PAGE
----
Want a better job, where workers are treated well? Consider these 68 companies and nonprofits that meet high standards for employee engagement.
Best Places to Work Week:
Tuesday, March 29, 2022 – Small Companies (Listed in alphabetical order)
Wednesday, March 30, 2022 – Medium Companies (Listed in alphabetical order)
Thursday, March 31, 2022 – Large Companies (Listed in alphabetical order)
Friday, April 1, 2022 – Best Places to Work in-person event
Monday, April 4, 2021 – Top 3 Companies (Small, Medium, Large) for Healthiest Companies, Most Family Friendly Companies, and Special Category Winners
There’s no magic formula: Creating an excellent workplace takes years of energy, effort and conscious planning. Follow this basic roadmap and your company might get there in a few years.
This is my 14th year of reporting on the Best Places to Work in Hawai‘i and this year reminds me of one of my favorite sayings from high school history classes: “The more things change, the more they stay the same.”
My teenage-self loved the irony of that aphorism and I especially enjoyed saying it in the original French: “Plus ça change, plus c’est la même chose.”
The saying comes back to me at a time when technology and innovation have upended almost everything, and then the pandemic upended everything again. Yet the fundamentals of human happiness and morality remain largely unchanged.
Similarly, the fundamentals of Best Places to Work have always included – and still include – employees trusting their organizations’ leadership, feeling wanted and valued, and being treated fairly.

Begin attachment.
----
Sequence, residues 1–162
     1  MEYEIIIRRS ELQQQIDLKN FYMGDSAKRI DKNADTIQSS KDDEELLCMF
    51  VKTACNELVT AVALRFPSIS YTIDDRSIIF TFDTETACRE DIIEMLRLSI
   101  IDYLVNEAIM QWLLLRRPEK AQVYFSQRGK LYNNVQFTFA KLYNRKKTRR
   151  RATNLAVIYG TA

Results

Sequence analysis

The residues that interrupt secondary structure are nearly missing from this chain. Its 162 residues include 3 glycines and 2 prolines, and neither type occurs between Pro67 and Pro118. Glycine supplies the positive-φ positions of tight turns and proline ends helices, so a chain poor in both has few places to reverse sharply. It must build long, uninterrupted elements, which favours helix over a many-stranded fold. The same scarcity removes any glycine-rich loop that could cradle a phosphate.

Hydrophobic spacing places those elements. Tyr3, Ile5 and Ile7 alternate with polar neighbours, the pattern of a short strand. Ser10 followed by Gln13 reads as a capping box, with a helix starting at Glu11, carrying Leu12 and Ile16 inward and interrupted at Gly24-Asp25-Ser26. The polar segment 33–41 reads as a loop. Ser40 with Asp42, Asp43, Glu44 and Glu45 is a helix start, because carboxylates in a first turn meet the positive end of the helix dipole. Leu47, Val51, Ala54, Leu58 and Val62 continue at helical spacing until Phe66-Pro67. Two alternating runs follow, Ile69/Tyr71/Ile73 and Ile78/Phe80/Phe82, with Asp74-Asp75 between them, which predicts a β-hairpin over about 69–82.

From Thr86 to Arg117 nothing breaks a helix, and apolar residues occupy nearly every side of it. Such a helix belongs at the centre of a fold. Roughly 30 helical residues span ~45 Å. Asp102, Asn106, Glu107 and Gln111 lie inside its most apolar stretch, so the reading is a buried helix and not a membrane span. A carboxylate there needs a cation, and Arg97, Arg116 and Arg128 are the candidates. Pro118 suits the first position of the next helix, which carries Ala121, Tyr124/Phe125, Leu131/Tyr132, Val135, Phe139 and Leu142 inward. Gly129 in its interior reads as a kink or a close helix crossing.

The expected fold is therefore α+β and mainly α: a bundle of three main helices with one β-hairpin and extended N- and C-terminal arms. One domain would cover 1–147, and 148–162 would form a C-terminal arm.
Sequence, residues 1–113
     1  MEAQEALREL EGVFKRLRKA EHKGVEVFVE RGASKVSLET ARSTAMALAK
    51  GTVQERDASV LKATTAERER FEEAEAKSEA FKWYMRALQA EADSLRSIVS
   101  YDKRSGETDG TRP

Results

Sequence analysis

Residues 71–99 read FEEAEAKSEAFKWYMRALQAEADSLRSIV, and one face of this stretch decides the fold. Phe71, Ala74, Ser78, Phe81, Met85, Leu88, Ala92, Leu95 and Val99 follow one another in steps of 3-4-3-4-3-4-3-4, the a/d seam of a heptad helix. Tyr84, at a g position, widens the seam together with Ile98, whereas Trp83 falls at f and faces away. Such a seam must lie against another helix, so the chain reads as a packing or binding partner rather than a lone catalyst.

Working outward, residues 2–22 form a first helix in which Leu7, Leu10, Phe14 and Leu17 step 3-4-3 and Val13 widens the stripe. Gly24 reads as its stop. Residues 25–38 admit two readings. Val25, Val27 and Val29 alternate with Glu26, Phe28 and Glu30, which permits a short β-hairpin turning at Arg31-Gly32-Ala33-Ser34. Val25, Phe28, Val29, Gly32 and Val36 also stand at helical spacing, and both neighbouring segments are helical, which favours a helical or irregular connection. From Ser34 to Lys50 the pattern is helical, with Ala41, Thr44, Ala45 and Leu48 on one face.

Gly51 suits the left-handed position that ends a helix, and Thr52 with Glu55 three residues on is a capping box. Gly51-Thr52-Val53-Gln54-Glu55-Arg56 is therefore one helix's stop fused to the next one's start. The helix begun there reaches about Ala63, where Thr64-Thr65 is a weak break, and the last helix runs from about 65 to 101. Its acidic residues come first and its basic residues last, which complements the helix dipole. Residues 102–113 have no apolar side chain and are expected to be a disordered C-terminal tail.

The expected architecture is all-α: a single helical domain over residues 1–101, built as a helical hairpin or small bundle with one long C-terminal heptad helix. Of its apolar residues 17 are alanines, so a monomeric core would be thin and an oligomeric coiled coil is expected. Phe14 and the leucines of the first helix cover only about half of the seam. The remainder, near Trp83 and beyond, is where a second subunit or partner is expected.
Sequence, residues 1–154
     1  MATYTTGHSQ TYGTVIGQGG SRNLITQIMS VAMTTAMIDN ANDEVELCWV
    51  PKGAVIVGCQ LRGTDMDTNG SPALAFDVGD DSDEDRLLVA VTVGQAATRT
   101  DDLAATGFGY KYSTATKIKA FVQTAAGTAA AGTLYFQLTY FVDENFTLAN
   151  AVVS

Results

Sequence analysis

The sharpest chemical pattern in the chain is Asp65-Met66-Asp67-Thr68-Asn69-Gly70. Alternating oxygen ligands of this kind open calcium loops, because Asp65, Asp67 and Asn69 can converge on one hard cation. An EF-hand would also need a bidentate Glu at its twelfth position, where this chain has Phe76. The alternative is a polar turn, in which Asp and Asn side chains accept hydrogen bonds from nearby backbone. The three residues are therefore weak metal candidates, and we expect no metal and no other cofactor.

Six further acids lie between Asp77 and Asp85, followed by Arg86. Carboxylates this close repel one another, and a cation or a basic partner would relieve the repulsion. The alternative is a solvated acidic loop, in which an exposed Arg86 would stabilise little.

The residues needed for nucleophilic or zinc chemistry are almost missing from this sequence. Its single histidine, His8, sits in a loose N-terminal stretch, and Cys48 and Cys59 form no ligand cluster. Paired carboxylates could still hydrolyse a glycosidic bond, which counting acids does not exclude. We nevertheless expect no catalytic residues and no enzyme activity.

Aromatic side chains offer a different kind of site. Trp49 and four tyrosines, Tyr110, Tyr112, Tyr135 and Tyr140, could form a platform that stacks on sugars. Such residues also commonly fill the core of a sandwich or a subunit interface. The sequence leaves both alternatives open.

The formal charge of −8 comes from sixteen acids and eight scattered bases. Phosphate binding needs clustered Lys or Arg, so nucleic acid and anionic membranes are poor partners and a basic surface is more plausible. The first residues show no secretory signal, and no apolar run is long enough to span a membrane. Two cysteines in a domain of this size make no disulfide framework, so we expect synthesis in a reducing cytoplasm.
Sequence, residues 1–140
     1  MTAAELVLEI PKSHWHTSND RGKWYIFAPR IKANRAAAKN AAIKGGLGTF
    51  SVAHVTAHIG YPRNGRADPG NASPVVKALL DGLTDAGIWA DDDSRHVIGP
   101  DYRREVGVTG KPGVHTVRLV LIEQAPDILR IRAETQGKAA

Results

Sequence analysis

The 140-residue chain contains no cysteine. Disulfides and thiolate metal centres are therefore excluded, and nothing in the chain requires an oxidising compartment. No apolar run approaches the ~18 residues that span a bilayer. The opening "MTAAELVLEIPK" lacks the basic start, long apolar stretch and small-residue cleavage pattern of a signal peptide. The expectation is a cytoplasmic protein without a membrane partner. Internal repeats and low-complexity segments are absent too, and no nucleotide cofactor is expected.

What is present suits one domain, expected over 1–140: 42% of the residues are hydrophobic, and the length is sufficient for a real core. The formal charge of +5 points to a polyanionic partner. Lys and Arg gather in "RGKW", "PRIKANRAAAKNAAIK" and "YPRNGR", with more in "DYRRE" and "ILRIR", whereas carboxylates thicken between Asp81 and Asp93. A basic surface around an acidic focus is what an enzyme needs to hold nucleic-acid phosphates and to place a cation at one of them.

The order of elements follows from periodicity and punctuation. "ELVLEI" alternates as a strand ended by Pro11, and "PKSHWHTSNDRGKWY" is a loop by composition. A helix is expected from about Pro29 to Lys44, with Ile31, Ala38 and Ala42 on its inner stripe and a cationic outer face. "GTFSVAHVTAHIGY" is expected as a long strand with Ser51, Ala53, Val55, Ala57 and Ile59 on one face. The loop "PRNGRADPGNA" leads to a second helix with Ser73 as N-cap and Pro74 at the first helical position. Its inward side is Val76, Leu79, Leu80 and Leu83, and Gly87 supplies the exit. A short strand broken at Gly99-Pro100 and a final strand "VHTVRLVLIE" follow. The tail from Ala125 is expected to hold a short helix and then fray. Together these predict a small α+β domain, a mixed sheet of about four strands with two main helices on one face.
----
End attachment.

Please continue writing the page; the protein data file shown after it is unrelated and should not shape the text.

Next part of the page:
A Best Place to Work seeks to deliver on those fundamentals. But it doesn’t stay a Best Place to Work unless it’s also willing to change: correcting flaws uncovered by the annual BPTW survey of employees and revising rules and benefits based on what employees want and need.
Only recently have we begun reporting the percentage of executives who are female in each organization and whether that organization usually offers telecommuting options to employees. And only recently have we named the Best Places to Work for Women and for LGBTQ employees. Those are valuable measures – we should have acknowledged them sooner – just as valuable as the number of vacation days and whether the company offers a 401(k) match.
15 – 49 Hawaiʻi Employees (listed in alphabetical order)
Allana Buick & Bers
Headquarters: Palo Alto, CA
Better Homes and Gardens Real Estate / Advantage Realty
Diamond Head Dental Care
Dynamic Planning & Response LLC
Express Employment Professionals of Hawaii
Hawaiʻi Energy / Leidos
Headquarters: Honolulu / Reston, VA
The Hawaii Group
Hawaii Information Service
Imua Family Services
Integrated Security Technologies Inc.
JR Doran Inc. / Ceramic Tile Plus and Exclusively Yours
Kilauea Pest Control
Lawson & Associates Inc.
Na Aliʻi Consulting & Sales LLC
National Interstate Insurance Company
Headquarters: Richfield, OH
Okahara and Associates Inc.
Pacific Administration Inc.
Headquarters: Little Rock, AR
Headquarters: Dayton, OH
Windward Synergy Center
How We Pick Them